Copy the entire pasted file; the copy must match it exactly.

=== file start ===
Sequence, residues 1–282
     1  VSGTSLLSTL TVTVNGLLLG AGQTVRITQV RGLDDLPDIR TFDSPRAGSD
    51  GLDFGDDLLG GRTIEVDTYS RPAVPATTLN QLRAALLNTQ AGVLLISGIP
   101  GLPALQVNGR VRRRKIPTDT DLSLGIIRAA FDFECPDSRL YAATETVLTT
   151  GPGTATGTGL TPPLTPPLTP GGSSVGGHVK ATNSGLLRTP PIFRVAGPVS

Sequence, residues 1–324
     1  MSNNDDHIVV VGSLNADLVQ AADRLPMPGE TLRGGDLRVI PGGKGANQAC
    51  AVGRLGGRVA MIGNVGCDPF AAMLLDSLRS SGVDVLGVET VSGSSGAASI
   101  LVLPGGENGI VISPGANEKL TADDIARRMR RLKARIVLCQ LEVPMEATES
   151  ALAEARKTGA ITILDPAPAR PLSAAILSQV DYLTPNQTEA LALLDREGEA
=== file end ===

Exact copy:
Sequence, residues 1–282
     1  VSGTSLLSTL TVTVNGLLLG AGQTVRITQV RGLDDLPDIR TFDSPRAGSD
    51  GLDFGDDLLG GRTIEVDTYS RPAVPATTLN QLRAALLNTQ AGVLLISGIP
   101  GLPALQVNGR VRRRKIPTDT DLSLGIIRAA FDFECPDSRL YAATETVLTT
   151  GPGTATGTGL TPPLTPPLTP GGSSVGGHVK ATNSGLLRTP PIFRVAGPVS

Sequence, residues 1–324
     1  MSNNDDHIVV VGSLNADLVQ AADRLPMPGE TLRGGDLRVI PGGKGANQAC
    51  AVGRLGGRVA MIGNVGCDPF AAMLLDSLRS SGVDVLGVET VSGSSGAASI
   101  LVLPGGENGI VISPGANEKL TADDIARRMR RLKARIVLCQ LEVPMEATES
   151  ALAEARKTGA ITILDPAPAR PLSAAILSQV DYLTPNQTEA LALLDREGEA